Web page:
Peptide plane flipping
Peptide plane flipping is a type of conformational change that can occur in proteins by which the dihedral angles of adjacent amino acids undergo large-scale rotations with little displacement of the side chains. The plane flip is defined as a rotation of the dihedral angles φ,ψ at amino acids i and i+1 such that the resulting angles remain in structurally stable regions of Ramachandran space. The key requirement is that the sum of the ψi angle of residue i and the φi+1 angle of residue i+1 remain roughly constant; in effect, the flip is a crankshaft move about the axis defined by the Cα-Cˡ and N-Cα bond vectors of the peptide group, which are roughly parallel. As an example, the type I and type II beta turns differ by a simple flip of the central peptide group of the turn.
Peptide plane flips have been observed in the dynamics of native state protein tertiary structures by comparing crystal structures of the same proteins in multiple conformations. However, the most important role of plane flipping is thought to be in the process of early protein folding rather than native-state local fluctuations.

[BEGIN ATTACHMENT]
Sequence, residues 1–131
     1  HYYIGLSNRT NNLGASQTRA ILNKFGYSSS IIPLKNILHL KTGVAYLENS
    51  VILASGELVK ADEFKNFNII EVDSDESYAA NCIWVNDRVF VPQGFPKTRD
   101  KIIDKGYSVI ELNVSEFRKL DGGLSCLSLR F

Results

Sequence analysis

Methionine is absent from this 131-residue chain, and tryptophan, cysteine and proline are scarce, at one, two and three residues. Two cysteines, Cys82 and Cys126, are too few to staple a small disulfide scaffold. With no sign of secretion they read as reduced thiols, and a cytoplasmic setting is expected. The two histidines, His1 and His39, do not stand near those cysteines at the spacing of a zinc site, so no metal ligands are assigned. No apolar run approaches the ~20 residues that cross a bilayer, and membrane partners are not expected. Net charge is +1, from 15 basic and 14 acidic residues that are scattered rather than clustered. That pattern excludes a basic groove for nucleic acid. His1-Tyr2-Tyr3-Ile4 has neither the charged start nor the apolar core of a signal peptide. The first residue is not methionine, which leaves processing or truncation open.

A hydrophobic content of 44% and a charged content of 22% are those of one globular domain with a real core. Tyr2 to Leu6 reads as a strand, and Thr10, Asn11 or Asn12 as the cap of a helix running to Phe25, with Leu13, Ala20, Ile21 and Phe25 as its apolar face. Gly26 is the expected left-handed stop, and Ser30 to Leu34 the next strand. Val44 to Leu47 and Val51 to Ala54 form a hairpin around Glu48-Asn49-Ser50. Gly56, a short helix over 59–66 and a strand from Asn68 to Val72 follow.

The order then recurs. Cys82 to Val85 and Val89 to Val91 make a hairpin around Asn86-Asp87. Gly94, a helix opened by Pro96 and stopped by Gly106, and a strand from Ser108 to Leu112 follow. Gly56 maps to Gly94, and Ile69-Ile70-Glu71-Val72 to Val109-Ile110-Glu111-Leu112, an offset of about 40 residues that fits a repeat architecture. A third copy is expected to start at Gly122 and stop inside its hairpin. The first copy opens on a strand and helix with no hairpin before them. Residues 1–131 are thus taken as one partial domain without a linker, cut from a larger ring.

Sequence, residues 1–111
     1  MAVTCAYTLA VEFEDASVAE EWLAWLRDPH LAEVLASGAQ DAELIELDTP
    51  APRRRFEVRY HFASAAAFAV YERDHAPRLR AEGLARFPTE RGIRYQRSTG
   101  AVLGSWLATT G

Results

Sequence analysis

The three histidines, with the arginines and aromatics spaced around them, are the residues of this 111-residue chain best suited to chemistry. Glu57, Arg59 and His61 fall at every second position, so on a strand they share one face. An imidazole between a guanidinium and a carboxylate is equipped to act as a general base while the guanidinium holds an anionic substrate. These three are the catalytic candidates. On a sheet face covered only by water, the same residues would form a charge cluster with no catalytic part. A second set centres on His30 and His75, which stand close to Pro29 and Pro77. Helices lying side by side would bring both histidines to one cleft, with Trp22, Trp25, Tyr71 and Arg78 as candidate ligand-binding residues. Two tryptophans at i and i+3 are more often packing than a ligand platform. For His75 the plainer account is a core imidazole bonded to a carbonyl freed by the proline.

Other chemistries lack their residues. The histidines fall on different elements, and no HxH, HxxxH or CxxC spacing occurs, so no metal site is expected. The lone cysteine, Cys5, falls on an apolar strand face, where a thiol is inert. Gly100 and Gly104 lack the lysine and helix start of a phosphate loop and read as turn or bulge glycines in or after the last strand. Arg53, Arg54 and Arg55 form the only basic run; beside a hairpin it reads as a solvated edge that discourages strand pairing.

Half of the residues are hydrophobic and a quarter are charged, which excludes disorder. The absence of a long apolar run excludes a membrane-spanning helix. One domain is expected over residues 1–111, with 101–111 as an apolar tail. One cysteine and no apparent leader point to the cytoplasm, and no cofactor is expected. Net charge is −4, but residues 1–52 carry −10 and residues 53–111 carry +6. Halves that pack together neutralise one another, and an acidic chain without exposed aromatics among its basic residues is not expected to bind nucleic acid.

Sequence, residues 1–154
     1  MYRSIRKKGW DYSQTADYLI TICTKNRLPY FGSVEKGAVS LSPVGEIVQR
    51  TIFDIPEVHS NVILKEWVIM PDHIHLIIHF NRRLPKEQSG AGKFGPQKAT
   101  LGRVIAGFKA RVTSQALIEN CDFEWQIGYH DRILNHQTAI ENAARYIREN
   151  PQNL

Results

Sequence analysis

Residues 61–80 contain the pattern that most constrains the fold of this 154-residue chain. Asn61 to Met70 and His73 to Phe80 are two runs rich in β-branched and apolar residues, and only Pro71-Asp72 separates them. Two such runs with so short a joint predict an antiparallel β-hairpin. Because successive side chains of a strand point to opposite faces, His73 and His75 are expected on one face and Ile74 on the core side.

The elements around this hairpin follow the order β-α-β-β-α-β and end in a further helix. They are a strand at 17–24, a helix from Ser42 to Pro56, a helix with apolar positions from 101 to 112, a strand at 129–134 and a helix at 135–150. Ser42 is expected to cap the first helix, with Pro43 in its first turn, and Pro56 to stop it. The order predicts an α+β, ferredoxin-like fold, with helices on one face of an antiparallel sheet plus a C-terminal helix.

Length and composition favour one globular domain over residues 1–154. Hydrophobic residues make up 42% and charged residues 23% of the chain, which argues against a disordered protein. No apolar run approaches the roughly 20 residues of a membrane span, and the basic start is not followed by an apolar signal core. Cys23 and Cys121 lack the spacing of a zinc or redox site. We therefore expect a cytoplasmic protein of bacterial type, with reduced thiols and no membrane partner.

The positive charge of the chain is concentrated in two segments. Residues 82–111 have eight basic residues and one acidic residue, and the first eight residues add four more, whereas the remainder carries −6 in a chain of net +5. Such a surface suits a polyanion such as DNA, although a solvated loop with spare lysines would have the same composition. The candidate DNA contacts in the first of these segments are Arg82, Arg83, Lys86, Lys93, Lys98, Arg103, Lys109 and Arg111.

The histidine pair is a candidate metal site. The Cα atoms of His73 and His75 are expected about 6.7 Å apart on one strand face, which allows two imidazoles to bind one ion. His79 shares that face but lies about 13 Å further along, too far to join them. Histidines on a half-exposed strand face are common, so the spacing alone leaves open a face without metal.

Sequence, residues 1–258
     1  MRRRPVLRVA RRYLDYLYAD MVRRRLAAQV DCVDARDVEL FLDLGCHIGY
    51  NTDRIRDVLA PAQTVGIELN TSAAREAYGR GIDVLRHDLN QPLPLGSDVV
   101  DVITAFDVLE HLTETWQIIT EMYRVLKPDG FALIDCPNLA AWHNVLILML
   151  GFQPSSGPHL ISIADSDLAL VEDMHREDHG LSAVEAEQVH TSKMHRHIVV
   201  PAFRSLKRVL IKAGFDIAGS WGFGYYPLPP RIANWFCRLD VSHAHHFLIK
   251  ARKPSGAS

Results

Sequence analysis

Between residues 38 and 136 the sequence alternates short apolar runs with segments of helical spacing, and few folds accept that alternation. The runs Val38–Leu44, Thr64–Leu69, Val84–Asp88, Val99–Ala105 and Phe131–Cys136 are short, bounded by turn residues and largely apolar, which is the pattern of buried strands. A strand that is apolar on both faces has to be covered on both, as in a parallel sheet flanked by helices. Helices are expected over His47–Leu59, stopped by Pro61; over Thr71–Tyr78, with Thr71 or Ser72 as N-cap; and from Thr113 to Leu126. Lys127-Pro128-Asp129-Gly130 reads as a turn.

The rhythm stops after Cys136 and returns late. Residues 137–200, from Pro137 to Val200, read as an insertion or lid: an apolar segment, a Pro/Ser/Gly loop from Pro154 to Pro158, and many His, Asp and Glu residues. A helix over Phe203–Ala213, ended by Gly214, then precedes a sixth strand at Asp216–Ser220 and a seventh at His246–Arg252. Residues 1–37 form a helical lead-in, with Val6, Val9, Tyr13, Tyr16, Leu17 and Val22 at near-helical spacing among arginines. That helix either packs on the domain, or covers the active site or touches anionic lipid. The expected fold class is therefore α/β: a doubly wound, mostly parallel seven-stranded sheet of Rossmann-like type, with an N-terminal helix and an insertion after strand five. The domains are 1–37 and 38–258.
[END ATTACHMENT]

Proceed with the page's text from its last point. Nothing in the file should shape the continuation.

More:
Peptide plane flipping provides a relatively low-energy pathway from alpha sheet or left-handed alpha helix to beta strand conformations. This has been suggested as a mechanism in the conformational changes of amyloid beta and related amyloidogenic peptides implicated in protein misfolding diseases such as Alzheimer's disease. These peptides may pass through an alpha-sheet intermediate in forming the beta-sheet-rich amyloid fiber assembly.
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- Armen RS, DeMarco ML, Alonso DO, Daggett V. (2004). Pauling and Corey's alpha-pleated sheet structure may define the prefibrillar amyloidogenic intermediate in amyloid disease. Proc Natl Acad Sci USA 101(32):11622-7. PMID 15280548
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